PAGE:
More Snapshots from Occupy the NH Primary
The highlight of Saturday afternoon was definitely the GLBT March from Veterans Park to Victory Park by way of the Bank of America. I counted 200 people, some chanting “1,2,3,4, Open Up Your Closet Door, 5,6,7,8, Don’t Assume Your Kids Are Straight,” while others chanted “Ru Paul Not Ron Paul,” and the ever popular “We are the 99%.” Since all the chants were going on simultaneously in a procession that stretched across a city block, it was interesting to hear an impassioned marcher at a short Victory Park assembly express how great it felt that “we’re all saying the same thing.” Despite the irony, her meaning was obvious: there was a spirit of solidarity of the Occupy movement with gays and lesbians whose lives are under attack by the Republican candidates.
I should say, the Republican candidates with one exception: Fred Karger, a longtime Republican and gay activist who’s name will be on the GOP ballot Tuesday, was part of the march. He said he has visited Occupiers in several cities during campaign visits.
The members of the Leftist Marching Band gave marchers a lift, as they always do. They also joined the Funeral Procession for the American Dream prior to last night’s debate at St. Anselm College. Unfortunately, I wasn’t able to be there so you’ll have to look elsewhere for reports of a spirited demonstration that included more people than any of the candidates mustered.
Given the heavily-discussed reluctance of the Occupy movement to develop a platform, it’s worth noting that the theme of “money out of politics” is one that resonates with everyone. A graphic design created by Brett Chamberlin and Alex Freid, both of Durham, is omnipresent at Occupy the Primary, and even hung from the Kennedy Tower next to the Capitol Center for the Arts, where the weekend’s second debate was held this morning.
Occupy activists clustered on the sidewalk, just north of the theatre, next to Jon Huntsman’s contingent (Huntsman supporters included a goat. No, I don’t know its significance.). Romney and Paul supporters likewise greeted the ticketed audience that stretched out along the sidewalk in the middle of the Occupiers and campaign volunteers. There may have been a few Santorum signs, too, but I didn’t spot sign-holders from the Perry or Gingrich campaigns. A contingent of anti-Zionist rabbis, dressed in black, held the space just south of the Capitol Center entrance.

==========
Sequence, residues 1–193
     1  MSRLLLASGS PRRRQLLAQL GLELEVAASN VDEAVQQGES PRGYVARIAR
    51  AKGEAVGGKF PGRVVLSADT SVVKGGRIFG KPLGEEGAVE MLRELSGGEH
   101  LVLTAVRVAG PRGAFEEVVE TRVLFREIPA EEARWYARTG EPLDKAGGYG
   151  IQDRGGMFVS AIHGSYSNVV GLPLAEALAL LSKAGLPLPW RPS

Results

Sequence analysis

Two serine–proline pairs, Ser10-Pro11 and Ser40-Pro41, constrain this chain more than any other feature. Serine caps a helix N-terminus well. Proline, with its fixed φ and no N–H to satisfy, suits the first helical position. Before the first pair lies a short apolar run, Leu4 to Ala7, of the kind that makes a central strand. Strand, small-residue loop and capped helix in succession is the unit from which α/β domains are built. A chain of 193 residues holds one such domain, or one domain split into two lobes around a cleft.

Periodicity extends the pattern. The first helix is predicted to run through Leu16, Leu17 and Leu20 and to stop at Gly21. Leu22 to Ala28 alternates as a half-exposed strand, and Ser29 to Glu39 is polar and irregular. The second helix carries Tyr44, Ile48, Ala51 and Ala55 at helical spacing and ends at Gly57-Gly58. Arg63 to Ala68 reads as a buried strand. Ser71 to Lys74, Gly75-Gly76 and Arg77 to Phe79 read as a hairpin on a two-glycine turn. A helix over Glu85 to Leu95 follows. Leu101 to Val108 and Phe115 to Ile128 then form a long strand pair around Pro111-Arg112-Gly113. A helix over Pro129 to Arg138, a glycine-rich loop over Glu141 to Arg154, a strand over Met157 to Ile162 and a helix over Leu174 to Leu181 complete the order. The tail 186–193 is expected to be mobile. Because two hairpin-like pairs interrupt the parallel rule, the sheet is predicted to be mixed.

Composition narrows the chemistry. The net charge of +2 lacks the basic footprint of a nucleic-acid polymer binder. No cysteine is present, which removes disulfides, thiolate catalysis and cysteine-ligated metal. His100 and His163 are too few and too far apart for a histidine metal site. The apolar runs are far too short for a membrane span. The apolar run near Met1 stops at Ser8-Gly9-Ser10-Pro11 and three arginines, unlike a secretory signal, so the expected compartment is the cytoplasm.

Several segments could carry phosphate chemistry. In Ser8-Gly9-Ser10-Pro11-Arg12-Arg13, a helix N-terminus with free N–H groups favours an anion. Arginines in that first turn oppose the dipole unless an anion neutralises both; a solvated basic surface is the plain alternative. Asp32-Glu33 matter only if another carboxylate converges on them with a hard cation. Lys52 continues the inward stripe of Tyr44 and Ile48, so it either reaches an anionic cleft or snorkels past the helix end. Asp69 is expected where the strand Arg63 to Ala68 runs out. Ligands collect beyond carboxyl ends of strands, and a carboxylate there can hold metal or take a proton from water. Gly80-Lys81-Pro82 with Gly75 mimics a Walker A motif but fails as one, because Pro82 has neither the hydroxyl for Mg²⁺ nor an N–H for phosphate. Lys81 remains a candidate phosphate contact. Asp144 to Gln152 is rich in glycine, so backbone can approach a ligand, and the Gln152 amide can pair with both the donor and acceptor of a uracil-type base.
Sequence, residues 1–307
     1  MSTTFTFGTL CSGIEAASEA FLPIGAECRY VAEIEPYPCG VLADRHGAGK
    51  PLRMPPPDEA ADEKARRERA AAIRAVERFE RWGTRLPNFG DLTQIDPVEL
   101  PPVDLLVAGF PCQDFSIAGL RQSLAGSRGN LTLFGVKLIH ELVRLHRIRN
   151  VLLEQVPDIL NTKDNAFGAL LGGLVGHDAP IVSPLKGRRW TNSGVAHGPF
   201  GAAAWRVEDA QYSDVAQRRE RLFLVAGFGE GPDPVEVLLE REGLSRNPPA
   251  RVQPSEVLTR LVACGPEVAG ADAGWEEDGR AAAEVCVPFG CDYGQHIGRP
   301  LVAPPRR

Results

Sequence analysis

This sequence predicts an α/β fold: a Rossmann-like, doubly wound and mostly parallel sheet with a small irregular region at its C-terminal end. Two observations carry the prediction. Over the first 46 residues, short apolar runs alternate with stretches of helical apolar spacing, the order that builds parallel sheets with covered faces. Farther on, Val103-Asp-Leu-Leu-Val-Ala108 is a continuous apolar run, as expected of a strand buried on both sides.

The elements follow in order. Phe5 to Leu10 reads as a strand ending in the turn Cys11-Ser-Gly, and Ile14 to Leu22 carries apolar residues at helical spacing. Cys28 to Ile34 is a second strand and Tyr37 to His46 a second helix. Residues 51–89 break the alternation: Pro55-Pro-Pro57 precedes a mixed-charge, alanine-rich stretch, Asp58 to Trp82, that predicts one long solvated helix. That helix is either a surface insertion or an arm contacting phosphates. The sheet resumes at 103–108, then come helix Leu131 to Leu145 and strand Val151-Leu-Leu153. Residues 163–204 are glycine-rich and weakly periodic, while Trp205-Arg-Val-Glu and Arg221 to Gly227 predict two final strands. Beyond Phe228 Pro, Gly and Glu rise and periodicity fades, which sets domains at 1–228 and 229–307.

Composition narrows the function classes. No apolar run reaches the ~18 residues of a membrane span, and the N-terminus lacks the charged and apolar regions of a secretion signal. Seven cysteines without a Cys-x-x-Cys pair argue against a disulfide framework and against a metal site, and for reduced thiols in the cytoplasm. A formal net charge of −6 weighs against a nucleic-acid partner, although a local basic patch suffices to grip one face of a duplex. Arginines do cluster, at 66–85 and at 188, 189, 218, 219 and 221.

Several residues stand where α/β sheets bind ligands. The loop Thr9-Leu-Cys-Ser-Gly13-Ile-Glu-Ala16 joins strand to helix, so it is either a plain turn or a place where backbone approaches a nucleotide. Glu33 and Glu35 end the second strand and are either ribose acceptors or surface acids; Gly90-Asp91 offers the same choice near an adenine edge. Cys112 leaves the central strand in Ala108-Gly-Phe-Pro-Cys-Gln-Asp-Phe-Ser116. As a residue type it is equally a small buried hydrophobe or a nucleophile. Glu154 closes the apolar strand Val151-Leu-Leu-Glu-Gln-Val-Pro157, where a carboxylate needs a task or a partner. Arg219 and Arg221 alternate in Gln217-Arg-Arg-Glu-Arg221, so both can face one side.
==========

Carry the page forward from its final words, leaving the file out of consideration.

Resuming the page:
Across the street were members of the Communications Workers of America, employees of the NH Union Leader, the state’s largest newspaper and one of the debate co-sponsors. They are in the midst of an ugly contract dispute with the paper’s publisher Joe McQuaid, who has laid off workers, increased hours without a pay raise, and essentially refused to bargain. The CWA members were joined by visiting members of the United Auto Workers, who are spending a few days annoying GOP candidates and also meeting with labor and political allies.
When the debate ended, at about 10:30, most everyone but the Ron Paul and Occupy folks left. That meant it was a good time for a wedding to be held between a corporation and a person. I objected at the appropriate moment in the ceremony, and said that in New Hampshire a man can marry a woman, a man can marry a man, and a woman can marry a woman, but neither a man nor a woman can marry a corporation since, despite Mitt Romney’s claim, corporations are not people.
The Occupiers and Ron Paul groups shifted locations to the south side of the theatre, where the candidates’ vehicles were parked. There, joined by a handful of reporters and unaffiliated Primary gawkers, they waited for the candidates to emerge. As each candidate left the building and got into his car, Brett delivered a short, personalized speech for each one, with help of the people’s mic. The only exception was Rick Santorum, who was greeted by a loud, spontaneous chorus of boos from all, including the Paulists.
That seemed to be a common enough reaction to the former Senator that he cancelled his remaining New Hampshire campaign events and flew off to South Carolina, where he no doubt hopes to get a warmer reception.
Occupy the NH Primary re-convened in Veterans Park for an evening General Assembly. Topics included a debrief of the previous night’s action, a report on communications with the Manchester police, proposed actions for Monday, and ideas for other gatherings of Occupiers from northeastern states.
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